Have you thought of ditching your old car? It could be the easiest way to shore up your finances by allowing you to reduce thousands of dollars in annual expenses. Of course, most people own cars because they need them, but is that still true for you? The pandemic has killed the commute for many of us, and you might be one of them—with a depreciating asset sitting on the driveway.
Cars are expensive
Transportation is a typical household’s second-largest expense after housing. When you include fuel prices, repairs, insurance rates, license/registration, taxes, depreciation, and finance charges, the average annual cost that people spend on their car is $9,282, according to AAA.
Of course, if you own an old clunker you likely spend much less. You’re also paying less insurance because of depreciation, but that just means your car is losing value—up to 60% by the end of the fifth year, according to Black Book. And maintenance costs also go up as the car gets older. A Consumer Reports survey revealed that, on average, a 10-year-old car costs $375 more annually in repairs than a three-year old car.
Car costs vary by car, and a cost-of-ownership calculator can help you determine how much you’re spending. As a rule of thumb, you should be paying no more than 15 to 18% of your income on a used car, especially if you don’t use it.
You might have alternatives
Not everyone can ditch their car, but if you live in an urban area with good public transportation and ride-sharing options, you’ll want to do the math and see if it works for you. Knowing how much you spend on your car, including gas and parking, should give you baseline that you can compare against with these other options:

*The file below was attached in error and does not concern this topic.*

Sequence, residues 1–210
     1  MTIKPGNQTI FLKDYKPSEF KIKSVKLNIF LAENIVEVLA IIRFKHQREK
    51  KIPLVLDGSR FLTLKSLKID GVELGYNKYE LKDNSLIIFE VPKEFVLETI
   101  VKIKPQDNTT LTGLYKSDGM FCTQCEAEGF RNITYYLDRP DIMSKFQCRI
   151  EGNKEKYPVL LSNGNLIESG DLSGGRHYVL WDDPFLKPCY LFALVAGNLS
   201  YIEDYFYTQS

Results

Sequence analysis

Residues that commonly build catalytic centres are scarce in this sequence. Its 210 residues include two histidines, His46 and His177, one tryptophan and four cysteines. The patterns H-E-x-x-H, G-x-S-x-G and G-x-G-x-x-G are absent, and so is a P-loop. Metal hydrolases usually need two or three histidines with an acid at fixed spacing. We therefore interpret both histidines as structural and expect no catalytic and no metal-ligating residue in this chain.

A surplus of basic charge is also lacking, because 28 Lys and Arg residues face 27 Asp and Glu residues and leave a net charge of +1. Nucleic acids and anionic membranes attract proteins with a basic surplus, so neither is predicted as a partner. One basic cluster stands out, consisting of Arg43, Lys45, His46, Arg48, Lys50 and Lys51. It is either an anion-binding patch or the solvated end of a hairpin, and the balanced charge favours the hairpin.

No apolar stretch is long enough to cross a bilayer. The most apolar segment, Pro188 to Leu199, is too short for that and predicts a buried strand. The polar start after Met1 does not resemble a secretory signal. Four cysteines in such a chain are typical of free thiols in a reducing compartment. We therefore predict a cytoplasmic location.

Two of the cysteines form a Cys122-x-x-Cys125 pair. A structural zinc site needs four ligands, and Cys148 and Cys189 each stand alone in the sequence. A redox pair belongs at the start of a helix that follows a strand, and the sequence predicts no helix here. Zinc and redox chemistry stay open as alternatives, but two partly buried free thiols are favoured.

- Public transportation
- Walking or cycling
- Taxis, car-sharing, and ride sharing services
- Peer-to-peer car rentals
- Rides from a family member or friend
If you look at a public transportation pass that costs around $150, that’s only $1800 a year—how does that compare to what you’re spending on your car now?
Just don’t forget to be realistic about your needs—once in a while you may need to do some heavy shopping, move furniture, or drop your kids off for school. You’ll want to set aside some money for taxis, ride-sharing, or rentals even if you intend to only use public transportation. Also, you might want to put a dollar number on your time and factor in the opportunity cost of doing something else other than driving, like reading or working during your commute.
If you choose to sell your car
The good news is that used car sales are booming. NerdWallet has a solid guide on selling your old car, but the main online players are Carvana, Shift and Vroom. These sites let you self-appraise and will pick up your car if you agree to sell it.